We have a wee chat and again she moves me from the computer pre-allocated seat way down the back to the front of economy (non-bulkhead as I requested) and I get a seat blocked beside me. Even better my elite upgrade has cleared for the return (I used one of the 2 complimentary elite status upgrade vouchers having long since given up on using them on the longhaul flights that I take with NZ). So for very low price (much less than my recent domestic tickets) I get relative comfort both ways on this medium haul flight. Yay.

    I pay the departure tax, quickly clear immigration and make my way to the lounge. After being welcomed back I head inside and grab a much needed coffee. There is a spread of hot and cold breakfast foods on offer. I catch up on some emails including working on yet another itinerary with my TA. The expected boarding time comes and goes. As usual the flight monitors advance through the statuses to gate closed as if the flight is leaving on time. Eventually there is an announcement that the flight will be called in 10 minutes. Great for letting us know - saves leaving the lounge too early.

    After a while I mosey on down to the gate - we have the closest one to the lounge, but thanks to the terminal layout it is a 5 minute walk away. Sure enough, boarding hasn't yet commenced but it isn't a long wait. The flight looks to be about half full - no wonder NZ was selling on such a heavy discount through the grab a seat sale so recently. (Incidentally I had planned to take these flights and had booked flexible fares even before the sale - the sale was a nice bonus to save me a lot of money by cancelling and rebooking.)
     
  12. Kiwi Flyer

    Kiwi Flyer Senior Member

    Sep 24, 2004
    5,453
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    I don't have a complete row to myself, although there are some empty rows further back I could move to if I want.

    The A320 economy seats are a bit roomier than the 737 so I don't bother moving. We push back only a few minutes late, the boarding being completed in 10 minutes. Once airborne breakfast is served. A choice of french toast or scrambled egg + sausage potato and tomato. For some reason the FA forgets to offer me a bread roll but it doesn't matter since I am not that hungry having eaten in the lounge. Coffee juice and water to hydrate (or the choice of beer, or wine including Lindaeur sparkling wine).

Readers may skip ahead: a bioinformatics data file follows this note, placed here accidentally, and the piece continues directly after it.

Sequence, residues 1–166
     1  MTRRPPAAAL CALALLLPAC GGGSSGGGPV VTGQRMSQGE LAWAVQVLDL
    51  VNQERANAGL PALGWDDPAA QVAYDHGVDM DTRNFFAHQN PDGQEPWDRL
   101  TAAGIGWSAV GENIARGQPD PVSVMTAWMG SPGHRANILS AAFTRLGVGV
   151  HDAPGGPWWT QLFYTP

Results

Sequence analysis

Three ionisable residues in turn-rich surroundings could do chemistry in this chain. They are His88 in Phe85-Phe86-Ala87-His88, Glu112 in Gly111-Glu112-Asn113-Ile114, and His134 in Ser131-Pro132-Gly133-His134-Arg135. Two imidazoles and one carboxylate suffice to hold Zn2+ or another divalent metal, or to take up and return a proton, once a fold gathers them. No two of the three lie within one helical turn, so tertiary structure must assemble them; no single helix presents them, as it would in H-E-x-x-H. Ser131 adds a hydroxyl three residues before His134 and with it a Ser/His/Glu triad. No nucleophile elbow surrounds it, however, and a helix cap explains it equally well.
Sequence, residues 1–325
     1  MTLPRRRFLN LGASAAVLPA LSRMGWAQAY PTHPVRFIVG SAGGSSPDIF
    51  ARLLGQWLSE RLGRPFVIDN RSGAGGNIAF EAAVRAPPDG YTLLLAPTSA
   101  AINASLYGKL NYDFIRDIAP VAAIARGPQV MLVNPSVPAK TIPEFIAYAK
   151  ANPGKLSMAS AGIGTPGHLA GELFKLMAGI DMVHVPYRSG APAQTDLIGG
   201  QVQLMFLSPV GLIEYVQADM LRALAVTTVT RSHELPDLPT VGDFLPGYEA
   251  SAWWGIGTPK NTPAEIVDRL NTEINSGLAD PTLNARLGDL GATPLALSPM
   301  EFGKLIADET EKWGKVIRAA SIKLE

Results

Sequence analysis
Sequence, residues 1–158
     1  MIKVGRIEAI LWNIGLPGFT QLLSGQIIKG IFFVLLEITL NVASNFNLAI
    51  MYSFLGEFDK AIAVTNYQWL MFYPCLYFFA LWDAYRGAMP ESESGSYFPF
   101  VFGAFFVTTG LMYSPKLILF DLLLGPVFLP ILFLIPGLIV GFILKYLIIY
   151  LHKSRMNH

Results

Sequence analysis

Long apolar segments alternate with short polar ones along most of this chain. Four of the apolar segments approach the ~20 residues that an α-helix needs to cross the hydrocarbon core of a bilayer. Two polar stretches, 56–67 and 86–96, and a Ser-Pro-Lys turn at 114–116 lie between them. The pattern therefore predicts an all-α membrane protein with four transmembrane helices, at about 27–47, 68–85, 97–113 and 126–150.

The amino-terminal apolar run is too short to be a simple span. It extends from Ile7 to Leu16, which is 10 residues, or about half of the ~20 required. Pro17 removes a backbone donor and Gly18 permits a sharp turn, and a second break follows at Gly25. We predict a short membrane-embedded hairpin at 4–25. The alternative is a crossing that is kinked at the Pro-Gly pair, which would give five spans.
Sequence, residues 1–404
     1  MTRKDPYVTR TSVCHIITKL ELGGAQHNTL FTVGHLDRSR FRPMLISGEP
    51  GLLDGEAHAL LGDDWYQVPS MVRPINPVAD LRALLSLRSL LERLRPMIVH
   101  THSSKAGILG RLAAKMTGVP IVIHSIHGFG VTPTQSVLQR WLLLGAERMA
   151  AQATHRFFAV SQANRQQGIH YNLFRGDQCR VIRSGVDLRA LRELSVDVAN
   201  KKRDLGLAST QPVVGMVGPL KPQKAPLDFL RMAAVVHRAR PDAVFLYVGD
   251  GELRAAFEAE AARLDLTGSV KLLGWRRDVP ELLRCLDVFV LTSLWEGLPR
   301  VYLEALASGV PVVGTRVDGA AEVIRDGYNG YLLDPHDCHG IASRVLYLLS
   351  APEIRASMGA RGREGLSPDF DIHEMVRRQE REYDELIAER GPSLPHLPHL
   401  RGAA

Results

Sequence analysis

The flight over the Pacific Ocean is uneventful. We get a few bumps crossing a jetstream about 2/3 of the way over, the crew take an age to clear away breakfast trays (2 hours from serving until finally being cleared away) and I manage to catch up on reading some reports I needed to review.

    After 3 hours we descend through scattered light cloud getting reasonable views of Vanuatu's islands through the tropical haze. We descend seemingly inches above the forest to land at Port Vila's airport right on time. A small light shower is peppering one end of the runway while the terminal area is dry. By the time the steps are brought to the a/c and we deplane, the shower has reached us so get a few spots walking across the tarmac in the humid morning.

    The terminal is of modest size and reminds me of that at Noumea. There are only 2 immigration officers - one for Vanuatans and one for everyone else, and being island pace it takes a while to process the handful of people in front of me. The officer seems bemused I am here for such a short time but is happy to stamp a full page at my request and I am quickly through customs also. A few paces brings me to the check in counters, where there is a big queue even at the business/elite line. I wondered if there was a lounge here (airport seemed to be substantial enough to have a small lounge) but decided against queueing to get an invitation, for the turnaround is short (perhaps 15 minutes until boarding) and the half of the ceiling fans that are working are providing some comfort.

    So I proceed to immigration, fill in the form and duly get stamped out. It takes the officer a while to locate the entry stamp - there are too many stamps in my nearly full passport!

    Through security I take a look at the duty free and souvenir shops, and note there is indeed a lounge with a big sign on the door proclaiming that no entry will be permitted without an invite - no matter what your boarding pass or frequent flyer program status card. Oh well.

    Boarding starts late - even after the scheduled departure. I am glad that when I booked, on a separate ticket, some further flights today I chose the second one after I was due to arrive back at Auckland, not the first.

    As with many other pacific islands, they do not accept my boarding pass issued in Auckland and the agent heads off to check in to see if it is okay and get a replacement one. Standing here in front of the open door I realise it is more pleasant outside than inside - the fans aren't really helping much.
     
  13. Kiwi Flyer

    Kiwi Flyer Senior Member

    Sep 24, 2004
    5,453
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    I settle into my new seat for the return. Business class is very empty - 2 pilots from the flight over, myself and 2 other paying pax. Economy is slightly fuller than the flight over, maybe 2/3 full.